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Many kinds of strange pains on face. I'm stuck please help!

Discussion in 'Support Subforum' started by Tiny Wings, Dec 19, 2013.

  1. Tiny Wings

    Tiny Wings New Member

    Thank you for your reply.
    Can I ask what kinds of TN you had? Is it a classical type of TN with a sensation like an electric shock?

    Thank you.
     
    Moody007 likes this.
  2. plum

    plum Beloved Grand Eagle

    I'm delighted that you overcame TN Balto, I have a distant memory of you mentioning it on tmshelp. Actually I agree with much of what you say. Any kind of pain anywhere could be TMS but we have to be sure (remember poor Susan?), and respect the times and people for whom it is not.

    I realise that for many people, pain and tms are initiators into a vast healing paradigm, one so gentle and wide that it could never squeeze down the narrow aperture of Western medicine. I don't know how many this is true of, but people like Lily Rose and myself come from this perspective. I love Sarno but he was not the first. He didn't originate the idea that emotions and tension cause pain and disease. He is rather more unique in the insistance that one exclusively use psychological methods. Interestingly it's a fall from one Western method straight into the lap of another. Why should this be a problem? Maybe because Western medicine is the only system in the world that doesn't recognise energy, be that chi, prana or such. Older Western methods do, just not the ones we know. In healing paths possessing a more soulful dimension learning through pain and suffering is seen as but one way among many. Sarno provides a wonderful example of this.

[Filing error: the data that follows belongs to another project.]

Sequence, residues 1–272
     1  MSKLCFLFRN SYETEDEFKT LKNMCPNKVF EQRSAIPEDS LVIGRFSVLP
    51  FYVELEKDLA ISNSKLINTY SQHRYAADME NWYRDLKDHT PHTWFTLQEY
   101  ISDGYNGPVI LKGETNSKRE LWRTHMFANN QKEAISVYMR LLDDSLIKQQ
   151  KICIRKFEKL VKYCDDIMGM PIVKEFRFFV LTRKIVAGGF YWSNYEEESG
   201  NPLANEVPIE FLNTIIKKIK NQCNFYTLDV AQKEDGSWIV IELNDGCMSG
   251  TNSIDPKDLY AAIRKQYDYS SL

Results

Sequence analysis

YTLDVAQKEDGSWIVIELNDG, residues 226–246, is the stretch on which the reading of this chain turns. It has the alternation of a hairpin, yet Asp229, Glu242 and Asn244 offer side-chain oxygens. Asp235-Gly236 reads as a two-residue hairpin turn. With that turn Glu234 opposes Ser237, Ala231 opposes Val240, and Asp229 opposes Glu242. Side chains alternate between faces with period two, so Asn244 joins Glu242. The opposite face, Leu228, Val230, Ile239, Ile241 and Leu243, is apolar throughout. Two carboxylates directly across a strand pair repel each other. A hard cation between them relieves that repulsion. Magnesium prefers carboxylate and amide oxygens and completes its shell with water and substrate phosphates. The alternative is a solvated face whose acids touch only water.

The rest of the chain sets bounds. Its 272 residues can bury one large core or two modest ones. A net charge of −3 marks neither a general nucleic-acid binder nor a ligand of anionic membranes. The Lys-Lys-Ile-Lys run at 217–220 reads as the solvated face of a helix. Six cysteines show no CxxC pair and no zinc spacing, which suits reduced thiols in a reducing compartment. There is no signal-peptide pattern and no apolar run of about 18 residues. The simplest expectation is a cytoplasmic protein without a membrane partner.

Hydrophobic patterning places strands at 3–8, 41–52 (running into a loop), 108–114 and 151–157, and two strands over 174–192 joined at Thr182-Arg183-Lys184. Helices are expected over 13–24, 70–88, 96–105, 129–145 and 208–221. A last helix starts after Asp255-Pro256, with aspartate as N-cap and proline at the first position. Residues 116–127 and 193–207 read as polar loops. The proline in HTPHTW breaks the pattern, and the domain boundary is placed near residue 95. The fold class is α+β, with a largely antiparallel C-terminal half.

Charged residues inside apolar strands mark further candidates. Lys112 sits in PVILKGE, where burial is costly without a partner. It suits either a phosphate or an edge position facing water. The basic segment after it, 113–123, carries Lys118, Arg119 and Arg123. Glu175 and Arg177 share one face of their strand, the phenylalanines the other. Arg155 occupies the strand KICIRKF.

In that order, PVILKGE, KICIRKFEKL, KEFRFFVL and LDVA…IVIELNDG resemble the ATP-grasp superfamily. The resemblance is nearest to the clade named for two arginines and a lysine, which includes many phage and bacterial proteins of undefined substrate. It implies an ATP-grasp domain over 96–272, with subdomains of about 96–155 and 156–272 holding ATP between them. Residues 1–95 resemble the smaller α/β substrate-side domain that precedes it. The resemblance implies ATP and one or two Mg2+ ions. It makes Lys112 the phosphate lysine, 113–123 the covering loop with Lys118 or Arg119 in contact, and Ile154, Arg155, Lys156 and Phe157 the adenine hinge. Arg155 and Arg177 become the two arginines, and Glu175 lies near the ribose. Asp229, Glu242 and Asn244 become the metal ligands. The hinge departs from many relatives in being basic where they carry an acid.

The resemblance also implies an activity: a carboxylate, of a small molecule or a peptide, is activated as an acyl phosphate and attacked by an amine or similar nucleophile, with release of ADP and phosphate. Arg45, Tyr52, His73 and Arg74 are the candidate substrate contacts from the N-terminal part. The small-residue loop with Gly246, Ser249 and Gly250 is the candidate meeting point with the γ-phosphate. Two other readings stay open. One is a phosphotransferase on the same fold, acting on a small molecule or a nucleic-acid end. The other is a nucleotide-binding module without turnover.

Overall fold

I mention all this my dear because we are more mysterious than we can ever know. From the first moment we flimmer in oneness-with-mother in the womb to the second we post our reply here and beyond we are in dynamic flow.

    It's said it would take our entire lifetime to process all the information that assailed our consciousness at the time of birth. How much must reside in our darkness?

    All I ask is that we honour this and resist polarisation. I grew weary of the partisan nature of tmshelp. Let us keep this healing place warm and accepting.



    (I half expected the comparison with discs but with TN the situation is more complex. Arteries and nerves embed and wrap around the nerve, it's not a fleeting pressure.)
     
  3. plum

    plum Beloved Grand Eagle

    I'll send you a private message later sweetheart. x
     
  4. plum

    plum Beloved Grand Eagle

    I'm like an English bus; nothing for ages then three roll down the road together.

    Feel the need to say that my thoughts on TN are not my thoughts on Tiny Wings case. The poor thing has been through hell and everything that she speaks of certainly points to tms. She's not describing either variant of TN. It sounds like atypical face pain which even by the most conservative medical standards is believed to be psychogenic and treatable with psychological and/or complementary therapies. She belongs here, safe in our arms.
     
  5. braden101

    braden101 Peer Supporter

    I was diagnosed with TN once by a Doctor last year...How good of a doctor is questionable...

    it started as a migraine, at the worst of it it felt like the left side of my face was melting off, it persisted for almost 3 months and in that time I had seen at least 4 different doctors and was given four completely different diagnosis...(During my final months of school).

    -Cluster Headache
    -Trigeminal Neuralgia
    -Hemicrania Continua
    -Cervicogenic Headache

    Cervicogenic Headache was what I accepted, mostly because of confirmation by a Chiro that I trusted (and desperation). Within several weeks the pain was gone, only to come back briefly at times of stress or anxiety. It disappeared for about 12 months, until I stumbled on TMS while desperately looking for a cure of my current pelvic pain. Funnily enough, when I started to treat my pelvic pain as TMS, the pelvic pain disappeared for a short time, only to be replaced by that same constant headache. After a few days, the headache disappeared and the groin pain came back with a vengeance.